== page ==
In celebration of Africa Day, we highlight the innovative and creative spirit of African entrepreneurs and explore the role of these entrepreneurs in Africa’s economic development.
Africa's Entrepreneurial Spirit: Innovation, Creativity and Resilience
By Margaret Mandeya | Thu May 25 2023
The role of entrepreneurship in Africa’s economic transformation
Africa's private sector is experiencing rapid transformation. Today, innovative entrepreneurs are turning challenges into opportunities and leveraging technology to transform the finance, healthcare, climate, agriculture and transportation industries on the continent. This Africa Day, we're celebrating entrepreneurship by exploring how Renew Capital portfolio companies are innovating across these important sectors.
Innovation in Agriculture
The agricultural economy employs more than 50% of Africa’s labor force and typically accounts for 30–40% of GDP. Technology offers many opportunities to improve Africa’s agricultural sector.
David Lukwago founded Inputi to leverage the power of technology to make it easier for farmers to get access to farming inputs. The venture was born during the height of COVID-19 when the supply chain was severely disrupted due to national lockdowns in Uganda.
“Inputi’s goal is to aggregate demand based on location. We are working to make the pickup of farm inputs as convenient as possible for farmers by delivering inputs to the nearest agro shop,”says Lukwago.
Innovation in Fintech
Many Africans still do not have access to financial services due to low levels of financial literacy and the high cost of transactions. Fintech integrates technology into financial services, enabling faster, more efficient, and cost-effective transactions while enhancing financial literacy. One company that is improving access to financial services is Akellobanker. Akellobanker, founded by Jean Antony Onyait, is a platform that gives Ugandan smallholder farmers and traders access to loans from financial institutions, primarily SACCOS (Savings and Credit Cooperatives) and microfinance institutions.
“Five years ago, financial technology companies came over and showed banks that they could break through to places they weren’t reaching—breaking monopolies and creating healthy competition. This competition goes a long way in reducing prices and making services more affordable for local communities,” says Onyait.
Also in Uganda, Xente is tackling the sphere of digital payments with its neo-bank which allows businesses to make payments using cards, mobile money and domestic and international bank transfers, as well as to pay bills and send airtime and data. Only 5%–7% of all payment transactions in Africa were made via electronic or digital channels in 2022 (Mckinsey). The platform also allows businesses to manage their petty cash expenses to ease the complexity of accounting and finance.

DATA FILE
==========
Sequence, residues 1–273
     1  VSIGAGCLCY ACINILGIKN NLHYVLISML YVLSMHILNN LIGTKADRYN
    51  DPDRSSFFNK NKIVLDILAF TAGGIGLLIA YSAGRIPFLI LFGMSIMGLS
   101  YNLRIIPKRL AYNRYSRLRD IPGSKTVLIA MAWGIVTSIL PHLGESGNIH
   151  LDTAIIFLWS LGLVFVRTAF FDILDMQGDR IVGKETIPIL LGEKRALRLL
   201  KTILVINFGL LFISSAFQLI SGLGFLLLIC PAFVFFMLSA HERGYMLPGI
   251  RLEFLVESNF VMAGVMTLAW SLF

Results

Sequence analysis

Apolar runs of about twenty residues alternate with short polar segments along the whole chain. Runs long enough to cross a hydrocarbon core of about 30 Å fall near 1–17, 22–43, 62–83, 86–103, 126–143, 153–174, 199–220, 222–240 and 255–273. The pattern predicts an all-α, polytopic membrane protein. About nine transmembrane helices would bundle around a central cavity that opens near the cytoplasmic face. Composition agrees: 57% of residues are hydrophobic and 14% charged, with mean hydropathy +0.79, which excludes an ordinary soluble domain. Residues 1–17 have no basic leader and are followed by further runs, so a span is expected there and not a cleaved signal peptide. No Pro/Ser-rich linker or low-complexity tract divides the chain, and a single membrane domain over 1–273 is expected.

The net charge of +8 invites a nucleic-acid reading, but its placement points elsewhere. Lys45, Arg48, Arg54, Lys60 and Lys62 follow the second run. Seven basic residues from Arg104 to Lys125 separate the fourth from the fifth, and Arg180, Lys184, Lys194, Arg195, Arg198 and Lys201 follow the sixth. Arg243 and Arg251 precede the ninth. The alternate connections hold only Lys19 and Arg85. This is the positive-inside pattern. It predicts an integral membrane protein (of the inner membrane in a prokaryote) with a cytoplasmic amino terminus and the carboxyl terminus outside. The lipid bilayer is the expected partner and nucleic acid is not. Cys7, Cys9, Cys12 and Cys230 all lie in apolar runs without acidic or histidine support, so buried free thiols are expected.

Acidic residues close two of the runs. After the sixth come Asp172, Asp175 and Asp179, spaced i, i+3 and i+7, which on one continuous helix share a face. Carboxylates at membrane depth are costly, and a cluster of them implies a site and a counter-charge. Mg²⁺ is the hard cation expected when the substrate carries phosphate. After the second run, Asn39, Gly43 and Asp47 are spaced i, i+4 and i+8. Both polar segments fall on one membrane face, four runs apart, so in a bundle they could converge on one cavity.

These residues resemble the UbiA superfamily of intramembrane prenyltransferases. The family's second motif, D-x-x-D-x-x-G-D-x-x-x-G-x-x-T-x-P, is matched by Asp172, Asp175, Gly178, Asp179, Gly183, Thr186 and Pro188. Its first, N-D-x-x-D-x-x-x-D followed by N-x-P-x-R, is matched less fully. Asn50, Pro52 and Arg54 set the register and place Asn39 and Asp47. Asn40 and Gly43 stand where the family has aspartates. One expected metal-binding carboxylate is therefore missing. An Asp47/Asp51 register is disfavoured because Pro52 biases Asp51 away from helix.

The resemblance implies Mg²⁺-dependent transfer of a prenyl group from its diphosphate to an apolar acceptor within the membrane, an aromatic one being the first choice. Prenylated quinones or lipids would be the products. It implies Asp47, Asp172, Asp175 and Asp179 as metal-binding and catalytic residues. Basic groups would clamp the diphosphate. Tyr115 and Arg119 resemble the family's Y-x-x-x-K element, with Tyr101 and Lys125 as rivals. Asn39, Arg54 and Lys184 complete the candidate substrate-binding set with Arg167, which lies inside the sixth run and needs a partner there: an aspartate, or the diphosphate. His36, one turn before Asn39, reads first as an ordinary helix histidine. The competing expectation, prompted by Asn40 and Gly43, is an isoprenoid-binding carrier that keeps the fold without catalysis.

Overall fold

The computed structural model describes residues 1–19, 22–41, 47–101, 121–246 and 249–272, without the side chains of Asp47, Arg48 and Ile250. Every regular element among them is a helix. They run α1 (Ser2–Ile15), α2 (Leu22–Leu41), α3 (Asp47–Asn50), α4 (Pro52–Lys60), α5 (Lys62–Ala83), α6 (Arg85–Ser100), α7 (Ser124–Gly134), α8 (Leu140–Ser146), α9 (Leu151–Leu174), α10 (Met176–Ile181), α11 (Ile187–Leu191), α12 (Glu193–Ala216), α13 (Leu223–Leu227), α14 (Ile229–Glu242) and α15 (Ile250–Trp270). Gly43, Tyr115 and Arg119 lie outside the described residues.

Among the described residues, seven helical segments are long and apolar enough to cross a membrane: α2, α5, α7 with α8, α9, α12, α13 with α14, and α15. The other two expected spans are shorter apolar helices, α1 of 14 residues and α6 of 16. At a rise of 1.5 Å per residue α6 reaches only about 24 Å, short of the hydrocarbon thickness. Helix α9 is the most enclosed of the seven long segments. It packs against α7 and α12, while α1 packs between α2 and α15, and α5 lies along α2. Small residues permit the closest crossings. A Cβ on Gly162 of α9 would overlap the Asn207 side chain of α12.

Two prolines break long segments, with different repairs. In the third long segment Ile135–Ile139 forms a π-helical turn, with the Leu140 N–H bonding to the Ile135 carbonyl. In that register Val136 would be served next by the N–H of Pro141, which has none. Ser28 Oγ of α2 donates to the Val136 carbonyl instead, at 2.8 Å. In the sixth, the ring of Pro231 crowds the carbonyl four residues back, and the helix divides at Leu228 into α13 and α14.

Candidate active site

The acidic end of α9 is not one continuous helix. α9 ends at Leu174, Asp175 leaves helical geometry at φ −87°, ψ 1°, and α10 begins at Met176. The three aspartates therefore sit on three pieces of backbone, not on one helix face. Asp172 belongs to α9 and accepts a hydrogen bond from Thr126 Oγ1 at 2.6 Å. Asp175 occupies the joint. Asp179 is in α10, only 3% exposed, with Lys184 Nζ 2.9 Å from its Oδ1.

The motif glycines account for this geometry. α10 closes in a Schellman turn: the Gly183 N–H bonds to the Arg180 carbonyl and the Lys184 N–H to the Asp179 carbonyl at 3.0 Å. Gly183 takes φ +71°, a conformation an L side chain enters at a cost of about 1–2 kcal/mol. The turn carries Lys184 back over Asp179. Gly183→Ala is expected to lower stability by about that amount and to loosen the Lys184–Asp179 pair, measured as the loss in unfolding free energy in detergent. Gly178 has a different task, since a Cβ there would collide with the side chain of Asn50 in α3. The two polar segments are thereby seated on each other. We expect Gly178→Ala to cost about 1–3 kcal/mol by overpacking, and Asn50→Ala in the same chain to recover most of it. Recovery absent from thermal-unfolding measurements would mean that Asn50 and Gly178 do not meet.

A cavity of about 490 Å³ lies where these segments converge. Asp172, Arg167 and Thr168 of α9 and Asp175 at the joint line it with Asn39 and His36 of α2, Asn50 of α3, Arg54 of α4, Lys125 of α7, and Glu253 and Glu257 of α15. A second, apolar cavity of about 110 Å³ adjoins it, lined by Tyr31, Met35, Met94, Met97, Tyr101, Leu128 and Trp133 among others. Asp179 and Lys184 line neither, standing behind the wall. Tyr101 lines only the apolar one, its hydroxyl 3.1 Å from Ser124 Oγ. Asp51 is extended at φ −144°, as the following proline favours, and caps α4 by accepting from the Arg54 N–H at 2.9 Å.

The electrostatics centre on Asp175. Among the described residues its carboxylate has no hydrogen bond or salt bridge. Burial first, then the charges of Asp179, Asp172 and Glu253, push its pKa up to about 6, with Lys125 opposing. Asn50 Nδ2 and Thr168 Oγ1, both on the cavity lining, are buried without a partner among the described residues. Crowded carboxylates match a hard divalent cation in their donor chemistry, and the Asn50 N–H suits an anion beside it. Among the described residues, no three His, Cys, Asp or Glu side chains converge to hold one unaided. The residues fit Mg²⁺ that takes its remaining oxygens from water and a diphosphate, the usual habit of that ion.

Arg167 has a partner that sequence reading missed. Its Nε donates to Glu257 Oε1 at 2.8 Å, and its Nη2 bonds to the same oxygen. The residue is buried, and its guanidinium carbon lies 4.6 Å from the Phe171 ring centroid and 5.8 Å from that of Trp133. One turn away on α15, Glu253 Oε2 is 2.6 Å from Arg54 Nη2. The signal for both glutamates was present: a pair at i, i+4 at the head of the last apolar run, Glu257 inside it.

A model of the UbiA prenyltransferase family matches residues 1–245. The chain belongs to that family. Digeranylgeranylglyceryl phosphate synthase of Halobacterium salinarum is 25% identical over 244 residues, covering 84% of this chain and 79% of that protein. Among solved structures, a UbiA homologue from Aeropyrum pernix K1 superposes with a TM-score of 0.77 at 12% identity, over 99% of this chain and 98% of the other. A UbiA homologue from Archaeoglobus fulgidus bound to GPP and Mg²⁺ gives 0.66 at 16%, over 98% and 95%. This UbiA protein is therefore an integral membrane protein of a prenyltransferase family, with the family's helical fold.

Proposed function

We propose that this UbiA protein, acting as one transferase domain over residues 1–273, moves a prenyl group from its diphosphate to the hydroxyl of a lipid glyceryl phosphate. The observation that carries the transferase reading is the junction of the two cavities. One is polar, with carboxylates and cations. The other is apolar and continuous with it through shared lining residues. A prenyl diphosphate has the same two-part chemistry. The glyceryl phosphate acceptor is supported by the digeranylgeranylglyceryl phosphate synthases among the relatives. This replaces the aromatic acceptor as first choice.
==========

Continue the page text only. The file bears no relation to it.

Innovation in Transportation
According to the OECD, Africa has the fastest urban growth rate in the world and by 2050, Africa's cities will be home to an additional 950 million people. This has highlighted a growing need for more efficient and cleaner transport systems.
A major challenge with Africa’s transportation sector includes high reliance on informal transport. In major cities in Africa, informal transport accounts for 95% of all public transport trips and most of the time, this form of transportation is inefficient and commuters are often forced to wait in long queues. Ugandan company Easy Matatu is helping to solve this challenge with an app that connects commuters to book and pay for a seat in advance, reducing wait time and minimizing delays.
“Our mission is to fix public transport in Africa’s cities using technology. This looks different in different African cities,” says Easy Matatu founder Carl Lema Andrew.
BuuPass, a Kenyan company, founded by Wyclife Omondi of Kenya and Sonia Kabra of India, is also helping to streamline ticketing processes in East Africa. BuuPass enables bus operators to set up their routes, booking stations and real-time ticket booking, as well as access daily reports on their business transactions online.
“Many of these (transport) companies were still using pen and paper for their ticketing processes and they lacked a centralized data source to inform their business decisions. To address this gap, we developed a bus management system that allows our clients to digitize their processes,” says BuuPass co-founder Kabra.
At Renew Capital, we believe that Africa can harness its entrepreneurial spirit to unlock its full economic potential, drive inclusive growth and shape a prosperous future for the continent.
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